The next free event is just around the corner in Nature Conservation Margaret River Region’s exciting new initiative aimed at inspiring locals to cherish and care for the Margaret River.

The Friends of Wooditjup Bilya (Margaret River) program features a guided excursion with an expert followed by a community busy bee where volunteers tackle important revegetation or regeneration work along the river, held on the first Thursday of every month from 9.30am-12.30pm.

It kicked off earlier this month with a sell-out guided fauna walk with local expert Dr Boyd Wykes, followed by hands-on conservation work caring for new plantings at Ashton Street River Reserve.

The next event will be on Thursday, November 2 – this time featuring a guided restoration walk by local river steward Dr Ann Ward, who has worked for years alongside her river property to transform a degraded patch into a thriving biodiverse river foreshore. Attendees will see first-hand how she has put regeneration principles and techniques into practice, along with the successes and challenges involved in restoring riparian vegetation and ecosystems. For tickets, follow the links at or book direct HERE.

Joining her is weed warrior Rick Ensley, who has a unique perspective on caring for this foreshore reserve, having worked in revegetation and restoration along the Wooditjup Bilya for decades. He’ll share his extensive knowledge of weeds and how to identify them, along with tips and techniques for manual weed control. The tour concludes with a look at the inspiring effect of restoration efforts.

After the walk, volunteers will have a chance to get their hands dirty and put some of their new-found knowledge to the test by removing invasive garden escapees which threaten to invade the Wooditjup Bilya.

“Learn what they are and importantly, how to get them under control and protect this precious riparian zone. Be part of the restoration!” says program coordinator Lauren Scanlon. “Many of us enjoy gardening but might not realise how our garden plants can directly impact the biodiversity of this region.  A large number of exotic plants have been introduced to this region, whether as valued food plants such as blackberry, fig, and olive, or for beauty such as agapanthus, plus host of plants introduced accidentally.”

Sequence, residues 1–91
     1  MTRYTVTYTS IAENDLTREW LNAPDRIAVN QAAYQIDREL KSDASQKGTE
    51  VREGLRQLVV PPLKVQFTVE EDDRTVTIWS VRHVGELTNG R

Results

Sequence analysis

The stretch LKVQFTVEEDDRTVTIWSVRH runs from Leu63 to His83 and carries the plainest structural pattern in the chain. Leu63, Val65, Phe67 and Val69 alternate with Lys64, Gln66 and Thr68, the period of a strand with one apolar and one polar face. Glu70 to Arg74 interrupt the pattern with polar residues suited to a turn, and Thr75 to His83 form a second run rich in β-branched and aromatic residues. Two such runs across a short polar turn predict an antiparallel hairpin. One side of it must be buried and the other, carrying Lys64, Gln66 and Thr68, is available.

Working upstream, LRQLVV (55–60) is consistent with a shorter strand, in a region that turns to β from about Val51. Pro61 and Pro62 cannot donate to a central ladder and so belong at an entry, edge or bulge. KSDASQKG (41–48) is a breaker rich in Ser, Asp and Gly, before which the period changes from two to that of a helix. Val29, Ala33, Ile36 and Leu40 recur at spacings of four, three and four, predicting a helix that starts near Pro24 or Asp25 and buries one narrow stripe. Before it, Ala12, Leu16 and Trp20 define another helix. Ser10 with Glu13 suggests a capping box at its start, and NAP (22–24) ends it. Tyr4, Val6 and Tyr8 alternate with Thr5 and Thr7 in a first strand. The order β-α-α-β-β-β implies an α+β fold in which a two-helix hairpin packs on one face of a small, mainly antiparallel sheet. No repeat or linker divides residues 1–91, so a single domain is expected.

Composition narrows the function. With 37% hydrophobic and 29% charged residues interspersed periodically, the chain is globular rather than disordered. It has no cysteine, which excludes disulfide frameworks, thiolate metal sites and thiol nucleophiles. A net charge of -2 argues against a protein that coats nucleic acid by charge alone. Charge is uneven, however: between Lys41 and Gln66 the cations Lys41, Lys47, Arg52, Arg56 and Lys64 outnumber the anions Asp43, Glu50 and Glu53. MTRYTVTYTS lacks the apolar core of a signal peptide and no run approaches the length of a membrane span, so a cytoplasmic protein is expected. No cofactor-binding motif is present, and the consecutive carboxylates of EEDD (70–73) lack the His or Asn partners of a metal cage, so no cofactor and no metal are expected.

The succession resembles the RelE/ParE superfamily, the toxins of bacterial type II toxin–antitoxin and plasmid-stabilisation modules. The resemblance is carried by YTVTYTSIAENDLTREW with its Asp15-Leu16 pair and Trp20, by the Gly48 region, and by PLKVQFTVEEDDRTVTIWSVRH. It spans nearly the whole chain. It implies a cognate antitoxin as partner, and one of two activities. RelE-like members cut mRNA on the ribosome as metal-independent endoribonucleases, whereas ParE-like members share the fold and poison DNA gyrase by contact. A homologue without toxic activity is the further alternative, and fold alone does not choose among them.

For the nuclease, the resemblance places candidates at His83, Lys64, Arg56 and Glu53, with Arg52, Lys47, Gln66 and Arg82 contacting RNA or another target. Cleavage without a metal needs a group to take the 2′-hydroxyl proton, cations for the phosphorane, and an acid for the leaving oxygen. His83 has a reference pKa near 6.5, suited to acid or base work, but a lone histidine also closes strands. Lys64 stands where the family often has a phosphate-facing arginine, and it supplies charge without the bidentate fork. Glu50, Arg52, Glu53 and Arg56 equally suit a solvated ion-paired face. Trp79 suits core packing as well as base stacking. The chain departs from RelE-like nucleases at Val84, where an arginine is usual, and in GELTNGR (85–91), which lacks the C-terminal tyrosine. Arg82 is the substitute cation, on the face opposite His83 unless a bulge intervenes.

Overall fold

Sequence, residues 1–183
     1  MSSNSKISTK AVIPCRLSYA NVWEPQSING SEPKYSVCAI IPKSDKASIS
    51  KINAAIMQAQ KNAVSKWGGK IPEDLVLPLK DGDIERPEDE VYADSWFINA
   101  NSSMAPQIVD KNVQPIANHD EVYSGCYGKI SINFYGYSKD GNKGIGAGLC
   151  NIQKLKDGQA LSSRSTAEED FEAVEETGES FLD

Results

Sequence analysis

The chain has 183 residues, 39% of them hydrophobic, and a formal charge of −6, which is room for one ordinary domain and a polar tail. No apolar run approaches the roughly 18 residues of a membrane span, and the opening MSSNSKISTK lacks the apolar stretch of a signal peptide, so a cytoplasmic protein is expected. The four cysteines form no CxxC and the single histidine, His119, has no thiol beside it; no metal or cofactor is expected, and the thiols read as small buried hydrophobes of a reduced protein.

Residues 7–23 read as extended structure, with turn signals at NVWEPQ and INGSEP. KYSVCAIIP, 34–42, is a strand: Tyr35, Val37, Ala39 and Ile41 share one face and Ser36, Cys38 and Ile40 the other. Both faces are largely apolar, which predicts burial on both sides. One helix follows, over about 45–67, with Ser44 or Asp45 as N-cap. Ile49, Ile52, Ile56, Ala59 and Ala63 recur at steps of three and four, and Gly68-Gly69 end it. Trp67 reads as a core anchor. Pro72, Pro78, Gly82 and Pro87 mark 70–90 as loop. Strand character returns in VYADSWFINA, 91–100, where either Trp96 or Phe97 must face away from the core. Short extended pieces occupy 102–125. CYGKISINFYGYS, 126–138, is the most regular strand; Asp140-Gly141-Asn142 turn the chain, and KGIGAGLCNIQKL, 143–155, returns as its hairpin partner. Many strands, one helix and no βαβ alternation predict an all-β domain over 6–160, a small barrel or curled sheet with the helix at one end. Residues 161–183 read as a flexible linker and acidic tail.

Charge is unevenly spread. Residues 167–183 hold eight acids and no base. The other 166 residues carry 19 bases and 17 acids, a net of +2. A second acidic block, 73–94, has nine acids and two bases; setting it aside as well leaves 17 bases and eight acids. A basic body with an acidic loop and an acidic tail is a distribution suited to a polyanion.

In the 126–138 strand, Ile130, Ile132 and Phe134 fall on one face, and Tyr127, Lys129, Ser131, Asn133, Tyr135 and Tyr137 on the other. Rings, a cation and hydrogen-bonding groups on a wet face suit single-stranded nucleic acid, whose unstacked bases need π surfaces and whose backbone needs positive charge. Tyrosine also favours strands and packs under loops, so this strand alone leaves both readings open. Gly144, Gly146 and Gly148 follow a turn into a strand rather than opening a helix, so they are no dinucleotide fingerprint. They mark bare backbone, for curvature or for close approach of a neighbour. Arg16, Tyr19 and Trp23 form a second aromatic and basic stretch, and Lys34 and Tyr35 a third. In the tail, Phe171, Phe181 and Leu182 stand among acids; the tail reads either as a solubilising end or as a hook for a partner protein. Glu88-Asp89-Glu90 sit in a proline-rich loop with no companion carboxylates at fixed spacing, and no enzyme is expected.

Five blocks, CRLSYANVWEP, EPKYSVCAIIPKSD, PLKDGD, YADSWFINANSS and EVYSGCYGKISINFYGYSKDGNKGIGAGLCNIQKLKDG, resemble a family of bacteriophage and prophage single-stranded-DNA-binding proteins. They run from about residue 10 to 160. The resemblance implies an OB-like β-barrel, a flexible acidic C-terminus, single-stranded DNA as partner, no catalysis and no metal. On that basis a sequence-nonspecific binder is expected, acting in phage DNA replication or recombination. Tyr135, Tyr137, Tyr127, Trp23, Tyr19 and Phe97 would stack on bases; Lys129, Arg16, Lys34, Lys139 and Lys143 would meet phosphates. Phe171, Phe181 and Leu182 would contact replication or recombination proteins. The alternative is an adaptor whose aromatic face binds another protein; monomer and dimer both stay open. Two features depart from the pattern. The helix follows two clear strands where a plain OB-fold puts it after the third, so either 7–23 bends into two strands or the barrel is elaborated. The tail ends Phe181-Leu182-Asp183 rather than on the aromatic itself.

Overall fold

These plants can have a huge impact on neighbouring bushland and riparian zones by outcompeting native species for resources, preventing requirement of native plants, reducing habitat and altering fire regimes.  By understanding the impact of these garden escapees, and learning to identify and control key species, locals can help protect the biodiversity of the Wooditjup Bilya.

Ms Scanlon said the monthly Friends of Woodtijup Bilya gatherings are a fantastic opportunity for locals to learn more about the Margaret River, hosted by cultural custodians, scientists or local experts. Still to come is a guided walk focussing on riverbank or riparian plants with celebrated author and Nature Conservation ambassador Jane Scott. And a paddle up the river hosted by Margaret River Canoes and Kayaks owner Sarah Palmateer, who has rented equipment and been paddling the Rivermouth for almost two decades.

This program is funded by the Shire of Augusta-Margaret River through the Environmental Management Fund.